Next, look at your budget to identify expected expenses during a specific period of time. Keep in mind, though, that budgets can be unrealistic if they are not prepared carefully or are outdated. To maintain a realistic outlook, you should prepare a cash flow forecast, which includes a real-time review of anticipated cash inflows and outflows for the next 12 to 24 months. Identify what has changed, or will change, in an upcoming period. With this information, a cash flow forecast can be compared to actual cash reserves to ensure that adequate funds are available. In addition, review your cash flow forecast quarterly, so your ministry will always have a realistic snapshot of your expected cash position.

The use of an operating line of credit to cover part of your cash balance variation is an optional way to build enough reserves when you either don’t have or want to use all your ministry’s cash resources. However, a line of credit should only be used to address cyclical variations in your cash flow cycle, because operating lines of credit must typically be paid in full for 30 to 60 days each year.

Step Two: Unplanned Events

Start this step by determining and anticipating events (risks) that might impact income or expenses, and then quantify appropriate reserves if these events were to occur. A good way to start your list is by looking back to see what unexpected expenses or events have occurred in the past.

Some examples would be the loss of expected rental income, increased expenses or the loss of income due to a natural disaster, increased expenses due to a senior leader leaving your ministry, or a key donor cutting back or no longer giving to your ministry. Many factors could cause a donor’s contribution levels to decrease, including: Moving away (typically an issue for a church), needing their funds for unexpected expenses, or passing away without designating your ministry as an estate recipient.

Once your list is complete, determine the likelihood of each event or expense occurring. For example, if your ministry leases out part of your property, how likely would it be for one of your tenants to leave? Then, determine the length of time before a new tenant would be in place and what the fiscal impact would be to your organization. This, then, is the process for calculating necessary reserves for unplanned events (risks):

  1. Determine a list of unplanned events that might impact your income or increase expenses.
  2. Determine the fiscal impact of these events. Keep in mind that the fiscal impact of some events will be ongoing, not just a single adjustment to your income or budget. Also think about how quickly would your ministry could respond to the event. Would you have any forewarning?
  3. Identify the likelihood of each event occurring.

Three best practices to consider:

  1. Sit down with your leadership team once a year and brainstorm what events could happen that would either cause income to be negatively impacted or expenses to increase.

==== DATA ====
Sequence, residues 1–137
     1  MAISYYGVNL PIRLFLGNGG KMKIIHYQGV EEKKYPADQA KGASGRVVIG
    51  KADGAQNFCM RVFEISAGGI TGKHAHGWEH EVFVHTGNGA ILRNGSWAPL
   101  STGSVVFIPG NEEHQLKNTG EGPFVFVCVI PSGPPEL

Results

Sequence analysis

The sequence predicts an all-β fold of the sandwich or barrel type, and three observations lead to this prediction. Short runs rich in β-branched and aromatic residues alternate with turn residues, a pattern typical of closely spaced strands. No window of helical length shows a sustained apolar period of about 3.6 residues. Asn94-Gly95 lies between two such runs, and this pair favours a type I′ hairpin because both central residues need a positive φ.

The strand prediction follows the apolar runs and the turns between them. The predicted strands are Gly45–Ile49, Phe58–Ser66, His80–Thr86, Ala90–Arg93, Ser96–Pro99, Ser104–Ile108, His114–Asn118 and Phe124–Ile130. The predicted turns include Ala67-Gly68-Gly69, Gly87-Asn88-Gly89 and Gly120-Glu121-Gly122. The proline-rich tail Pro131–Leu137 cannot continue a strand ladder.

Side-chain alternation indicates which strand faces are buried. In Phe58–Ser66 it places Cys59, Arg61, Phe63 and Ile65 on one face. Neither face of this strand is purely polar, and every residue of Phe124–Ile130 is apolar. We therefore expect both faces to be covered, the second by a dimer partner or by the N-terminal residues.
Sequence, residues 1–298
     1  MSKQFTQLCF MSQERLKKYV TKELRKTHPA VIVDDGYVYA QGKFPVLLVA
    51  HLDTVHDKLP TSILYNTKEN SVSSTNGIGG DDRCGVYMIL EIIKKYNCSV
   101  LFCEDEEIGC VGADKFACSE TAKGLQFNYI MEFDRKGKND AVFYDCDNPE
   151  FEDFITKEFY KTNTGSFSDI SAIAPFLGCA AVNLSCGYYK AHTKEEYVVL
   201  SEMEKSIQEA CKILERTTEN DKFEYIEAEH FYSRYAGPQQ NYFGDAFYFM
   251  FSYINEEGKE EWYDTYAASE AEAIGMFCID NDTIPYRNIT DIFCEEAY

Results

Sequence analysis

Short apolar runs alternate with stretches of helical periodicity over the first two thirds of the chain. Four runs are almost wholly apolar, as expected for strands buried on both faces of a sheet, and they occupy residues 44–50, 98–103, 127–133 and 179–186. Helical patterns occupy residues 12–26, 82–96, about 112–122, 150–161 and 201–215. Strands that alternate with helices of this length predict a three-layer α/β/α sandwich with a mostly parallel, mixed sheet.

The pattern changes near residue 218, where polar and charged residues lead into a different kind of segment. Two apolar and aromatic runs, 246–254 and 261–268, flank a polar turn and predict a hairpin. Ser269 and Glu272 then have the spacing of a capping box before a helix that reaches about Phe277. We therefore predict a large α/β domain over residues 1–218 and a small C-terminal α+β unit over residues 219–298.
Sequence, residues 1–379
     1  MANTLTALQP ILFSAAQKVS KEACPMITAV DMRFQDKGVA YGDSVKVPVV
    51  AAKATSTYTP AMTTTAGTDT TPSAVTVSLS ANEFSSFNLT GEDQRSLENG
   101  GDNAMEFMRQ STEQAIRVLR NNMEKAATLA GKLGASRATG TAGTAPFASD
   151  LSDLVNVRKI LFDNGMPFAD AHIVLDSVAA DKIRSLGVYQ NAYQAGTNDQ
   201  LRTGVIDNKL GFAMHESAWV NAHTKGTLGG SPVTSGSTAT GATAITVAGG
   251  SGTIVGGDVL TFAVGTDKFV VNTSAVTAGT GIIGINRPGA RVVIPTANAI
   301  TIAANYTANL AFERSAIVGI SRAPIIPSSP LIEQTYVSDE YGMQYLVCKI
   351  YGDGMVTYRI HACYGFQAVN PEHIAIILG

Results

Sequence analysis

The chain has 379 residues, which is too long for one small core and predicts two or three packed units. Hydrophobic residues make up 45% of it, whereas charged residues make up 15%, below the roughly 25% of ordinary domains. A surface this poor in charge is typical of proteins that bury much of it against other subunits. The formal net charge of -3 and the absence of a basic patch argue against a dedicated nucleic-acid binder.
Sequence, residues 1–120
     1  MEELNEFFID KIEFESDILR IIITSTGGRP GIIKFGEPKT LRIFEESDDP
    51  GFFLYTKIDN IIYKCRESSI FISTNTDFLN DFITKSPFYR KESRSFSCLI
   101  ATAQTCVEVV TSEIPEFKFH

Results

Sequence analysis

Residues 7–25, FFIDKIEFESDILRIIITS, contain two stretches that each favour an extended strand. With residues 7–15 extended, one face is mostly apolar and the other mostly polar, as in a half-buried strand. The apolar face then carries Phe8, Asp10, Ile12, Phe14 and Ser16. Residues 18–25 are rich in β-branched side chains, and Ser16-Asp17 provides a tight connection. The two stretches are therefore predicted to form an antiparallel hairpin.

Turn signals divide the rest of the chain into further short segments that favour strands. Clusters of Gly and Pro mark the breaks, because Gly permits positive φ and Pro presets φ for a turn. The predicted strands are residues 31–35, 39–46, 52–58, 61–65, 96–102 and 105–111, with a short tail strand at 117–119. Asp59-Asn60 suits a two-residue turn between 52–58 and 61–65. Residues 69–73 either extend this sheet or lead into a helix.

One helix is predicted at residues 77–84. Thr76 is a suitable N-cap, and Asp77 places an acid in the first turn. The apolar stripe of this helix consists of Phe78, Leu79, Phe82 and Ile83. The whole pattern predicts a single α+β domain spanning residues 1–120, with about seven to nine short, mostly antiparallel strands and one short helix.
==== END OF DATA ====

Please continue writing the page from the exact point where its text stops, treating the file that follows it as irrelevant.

2. Know what percentage of total income is given by top donors. Because keeping donors’ identities confidential is important, begin by looking at the percentage of total income by top donors. While you may need to look at an individual’s giving, it’s best to focus on the issue rather than specific people. By knowing what percentage of income is given by top donors, a ministry can determine the fiscal impact of losing a key donor’s contributions and set an appropriate reserve.
  3. Perform a study to calculate funds needed for replacement of capital items. Identify life spans for key capital items such as HVAC systems, roofs, and carpet. For example, if your facility’s roof was replaced 20 years ago, and the original life span was 30 years, you’ll need to reroof in 10 years. If the project will cost $150,000, rather than facing an unbudgeted $150,000 expenditure 10 years from now, you could put $1,250 per month into reserve throughout the next 10 years and have the cash available when it’s time to replace the roof. Since your ministry has many similar capital items, documenting their life spans and planning accordingly will help you avoid significant cash outflows. Important note: This reserve replacement fund should be maintained separately and not considered as part of your operating cash reserves.

Step Three: Potential Opportunities

This is the place for dreams—new programs, new ministries, new staff members. For example:

  • A potential staff person has just become available. If hiring this person would help fulfill your mission and funds are on reserve, you can seize the opportunity.
  • Your city asks your ministry to partner in an after­-school program. With cash reserves available, you can readily participate.
  • A hurricane creates an opportunity for your ministry to serve those impacted by the disaster. You can serve these people because you have cash on reserve.

After you’ve identified the potential opportunities you would want to be able to immediately pursue, determine how much it would cost to do so. While you may be able to raise funds when the opportunity occurs, this often takes time. So determine the amount of funding you would need to begin pursuing the opportunity. This would be the amount to set aside in your cash reserves until additional funds became available to cover the total costs.